In 26 Championships in which Cienfuegos participated, the team won five league titles in 1929-30, 1945–46, 1955–56, 1959–60 and 1960–61, finishing second 6 times, third 7 times, and fourth 8 times, posting a 732-793 record for a .480 average. Cienfuegos also won the Caribbean Series in 1956 and 1960.

Some notable Cienfuegos players include George Altman, José Azcue, Gene Bearden, Cool Papa Bell, Bob Boyd, Leo Cárdenas, Sandalio Consuegra, Martín Dihigo, Tony González, Adolfo Luque, Sal Maglie, Seth Morehead, Ray Noble, Alejandro Oms, Camilo Pascual, Pedro Ramos, Cookie Rojas, Napoleón Reyes, and Willie Wells.

Deaths in March 2004

The following is a list of notable deaths in March 2004.

Entries for each day are listed alphabetically by surname. A typical entry lists information in the following sequence:

Name, age, country of citizenship at birth, subsequent country of citizenship (if applicable), reason for notability, cause of death (if known), and reference.

Hal Peck

Harold Arthur "Hal" Peck (April 20, 1917 – April 13, 1995) was an American professional baseball right fielder. He played seven seasons in Major League Baseball (MLB) from 1943 to 1949 for the Brooklyn Dodgers, Philadelphia Athletics, and Cleveland Indians. He appeared in the 1948 World Series while a member of the Indians. Peck reached MLB despite losing two toes in a shooting accident.

List of knuckleball pitchers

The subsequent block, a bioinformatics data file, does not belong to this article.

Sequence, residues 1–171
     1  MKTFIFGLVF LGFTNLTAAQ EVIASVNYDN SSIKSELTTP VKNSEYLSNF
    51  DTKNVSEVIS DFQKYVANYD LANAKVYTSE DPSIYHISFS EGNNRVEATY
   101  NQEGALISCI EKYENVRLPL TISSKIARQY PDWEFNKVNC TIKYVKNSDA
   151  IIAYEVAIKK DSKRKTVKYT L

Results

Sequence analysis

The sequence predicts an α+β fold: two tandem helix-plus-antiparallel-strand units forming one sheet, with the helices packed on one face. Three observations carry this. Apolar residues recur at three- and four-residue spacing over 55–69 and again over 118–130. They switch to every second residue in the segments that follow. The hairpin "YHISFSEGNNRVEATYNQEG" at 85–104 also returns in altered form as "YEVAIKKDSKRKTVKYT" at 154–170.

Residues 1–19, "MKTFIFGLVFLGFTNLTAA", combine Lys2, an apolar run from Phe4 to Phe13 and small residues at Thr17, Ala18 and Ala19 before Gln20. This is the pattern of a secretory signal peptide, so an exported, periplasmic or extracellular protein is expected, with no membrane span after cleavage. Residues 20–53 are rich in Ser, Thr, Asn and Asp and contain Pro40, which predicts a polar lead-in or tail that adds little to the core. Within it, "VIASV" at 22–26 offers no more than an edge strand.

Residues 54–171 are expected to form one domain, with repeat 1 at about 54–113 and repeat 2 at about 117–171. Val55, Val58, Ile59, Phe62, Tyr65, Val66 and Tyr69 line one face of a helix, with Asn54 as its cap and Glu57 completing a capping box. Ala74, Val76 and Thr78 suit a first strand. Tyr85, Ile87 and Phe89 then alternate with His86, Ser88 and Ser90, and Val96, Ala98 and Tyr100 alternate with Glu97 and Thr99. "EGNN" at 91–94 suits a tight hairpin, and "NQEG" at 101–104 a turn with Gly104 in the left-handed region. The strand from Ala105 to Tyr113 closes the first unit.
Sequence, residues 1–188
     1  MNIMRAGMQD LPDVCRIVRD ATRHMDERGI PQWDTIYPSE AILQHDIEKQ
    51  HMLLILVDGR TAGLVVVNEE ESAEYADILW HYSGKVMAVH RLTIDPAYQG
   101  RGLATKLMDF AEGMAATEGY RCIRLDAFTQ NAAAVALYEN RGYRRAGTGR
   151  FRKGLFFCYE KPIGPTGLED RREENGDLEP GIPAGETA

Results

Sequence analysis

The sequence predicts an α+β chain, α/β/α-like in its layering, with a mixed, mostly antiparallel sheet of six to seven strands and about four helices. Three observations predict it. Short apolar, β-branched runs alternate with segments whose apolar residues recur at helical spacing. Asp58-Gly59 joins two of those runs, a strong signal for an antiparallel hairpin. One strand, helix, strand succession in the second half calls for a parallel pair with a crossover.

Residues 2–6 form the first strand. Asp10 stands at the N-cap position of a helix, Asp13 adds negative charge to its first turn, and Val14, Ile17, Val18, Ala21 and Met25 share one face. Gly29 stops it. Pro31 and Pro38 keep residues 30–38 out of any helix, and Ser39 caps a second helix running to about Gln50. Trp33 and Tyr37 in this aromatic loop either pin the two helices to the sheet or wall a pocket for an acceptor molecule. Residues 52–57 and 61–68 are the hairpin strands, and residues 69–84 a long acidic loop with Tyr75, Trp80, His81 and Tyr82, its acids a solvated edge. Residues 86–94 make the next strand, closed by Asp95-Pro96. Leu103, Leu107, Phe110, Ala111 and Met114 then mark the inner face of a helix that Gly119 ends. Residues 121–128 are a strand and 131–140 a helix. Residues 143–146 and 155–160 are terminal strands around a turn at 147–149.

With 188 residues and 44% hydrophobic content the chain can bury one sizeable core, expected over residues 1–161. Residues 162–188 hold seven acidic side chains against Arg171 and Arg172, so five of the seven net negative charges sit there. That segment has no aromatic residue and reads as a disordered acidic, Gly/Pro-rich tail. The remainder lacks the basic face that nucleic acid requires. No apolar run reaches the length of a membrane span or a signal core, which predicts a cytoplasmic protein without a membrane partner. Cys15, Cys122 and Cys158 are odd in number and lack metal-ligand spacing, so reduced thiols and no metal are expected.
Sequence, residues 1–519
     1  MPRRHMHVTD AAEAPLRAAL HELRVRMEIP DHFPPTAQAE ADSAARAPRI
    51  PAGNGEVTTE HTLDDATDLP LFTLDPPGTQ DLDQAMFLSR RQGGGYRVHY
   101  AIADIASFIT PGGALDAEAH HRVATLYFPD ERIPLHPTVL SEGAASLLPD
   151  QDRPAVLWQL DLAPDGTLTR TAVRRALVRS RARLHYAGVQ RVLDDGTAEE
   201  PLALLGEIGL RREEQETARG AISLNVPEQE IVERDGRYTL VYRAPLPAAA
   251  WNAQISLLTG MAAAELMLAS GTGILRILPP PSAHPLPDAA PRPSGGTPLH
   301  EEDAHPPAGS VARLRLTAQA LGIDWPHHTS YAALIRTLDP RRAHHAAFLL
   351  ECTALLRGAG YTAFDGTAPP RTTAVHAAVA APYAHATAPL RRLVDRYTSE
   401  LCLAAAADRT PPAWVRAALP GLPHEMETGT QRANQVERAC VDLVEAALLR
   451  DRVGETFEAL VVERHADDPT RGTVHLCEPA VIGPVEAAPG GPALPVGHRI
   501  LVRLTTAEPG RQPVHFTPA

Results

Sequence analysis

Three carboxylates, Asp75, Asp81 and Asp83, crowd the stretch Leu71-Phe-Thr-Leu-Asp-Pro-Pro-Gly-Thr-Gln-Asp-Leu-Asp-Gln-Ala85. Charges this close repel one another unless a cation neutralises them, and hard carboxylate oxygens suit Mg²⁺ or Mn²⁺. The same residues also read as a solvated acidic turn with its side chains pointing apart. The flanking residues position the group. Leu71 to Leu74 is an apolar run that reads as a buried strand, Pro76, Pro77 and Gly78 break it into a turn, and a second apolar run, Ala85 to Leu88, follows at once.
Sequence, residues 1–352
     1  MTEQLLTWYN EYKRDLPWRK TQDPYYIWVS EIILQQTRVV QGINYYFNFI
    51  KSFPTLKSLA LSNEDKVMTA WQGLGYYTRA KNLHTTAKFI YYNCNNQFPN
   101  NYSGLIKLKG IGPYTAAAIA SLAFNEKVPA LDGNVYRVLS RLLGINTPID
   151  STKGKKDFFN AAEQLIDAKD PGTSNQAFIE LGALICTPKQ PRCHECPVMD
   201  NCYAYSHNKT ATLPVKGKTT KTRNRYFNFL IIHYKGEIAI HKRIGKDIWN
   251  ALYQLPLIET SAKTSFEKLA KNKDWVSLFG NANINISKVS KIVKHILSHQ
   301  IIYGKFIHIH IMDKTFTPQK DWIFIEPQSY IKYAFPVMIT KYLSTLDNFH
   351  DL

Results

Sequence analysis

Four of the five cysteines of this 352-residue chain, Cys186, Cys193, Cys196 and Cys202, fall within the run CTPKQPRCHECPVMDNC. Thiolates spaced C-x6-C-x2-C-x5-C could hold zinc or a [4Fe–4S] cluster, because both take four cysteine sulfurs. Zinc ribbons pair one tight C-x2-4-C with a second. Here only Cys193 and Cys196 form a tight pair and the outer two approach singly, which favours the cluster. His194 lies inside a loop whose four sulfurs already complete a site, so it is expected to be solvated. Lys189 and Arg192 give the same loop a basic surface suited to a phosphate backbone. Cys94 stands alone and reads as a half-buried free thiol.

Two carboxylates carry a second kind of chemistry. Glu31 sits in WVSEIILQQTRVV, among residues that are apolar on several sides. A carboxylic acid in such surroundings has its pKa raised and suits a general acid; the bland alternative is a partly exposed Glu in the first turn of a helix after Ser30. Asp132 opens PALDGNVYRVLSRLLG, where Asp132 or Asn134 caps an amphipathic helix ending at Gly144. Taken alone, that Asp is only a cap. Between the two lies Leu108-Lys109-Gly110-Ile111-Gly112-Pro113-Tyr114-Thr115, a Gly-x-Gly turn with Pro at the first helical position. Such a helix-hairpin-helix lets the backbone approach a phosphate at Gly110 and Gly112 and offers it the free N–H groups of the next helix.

Knuckleball pitchers are baseball players who rely on the knuckleball as their primary pitch, or pitch primarily based on their ability to throw a knuckleball. The inventor of the knuckleball has never been established, although several pitchers from the early 20th century have been credited. Baseball statistician and historian Rob Neyer named four individuals in an article he wrote in the 2004 book The Neyer/James Guide to Pitchers as potentially deserving credit, any of whom may have originated the pitch in either the 1907 or 1908 seasons. Nap Rucker of the Brooklyn Dodgers came up to the majors in 1907, initially throwing hard stuff but later switching to the knuckleball. A 1908 article credited Lew Moren as the inventor of the pitch. Ed Cicotte earned a full-time spot with the Detroit Tigers in 1908, earning the nickname "Knuckles" for his signature pitch. A picture of Ed Summers showed him gripping what he called a "dry spitter" using a variation of the knuckleball grip using the knuckles of his index and middle fingers.Unlike almost every other pitch in baseball, the knuckleball's erratic trajectory has often required teams to use dedicated catchers, often using specialized mitts, to field the deliveries. Clint Courtney used a specially constructed catcher's mitt, about 50% larger than the conventional mitts used at the time, to catch knuckleballer Hoyt Wilhelm during a game in May 1960. Umpire Al Smith credited the use of the glove with preventing three or four passed balls in that one game. The lower velocity of the knuckleball is credited with giving some who use it the ability to pitch more often and to sustain pitching careers far longer than those who rely on their fastball to get outs. Tim Wakefield pitched on consecutive days, when most starting pitchers in the 21st century throw after four days of rest. Hoyt Wilhelm pitched until he was almost 50 and Phil Niekro used the pitch until he was 48. Wakefield retired at 45.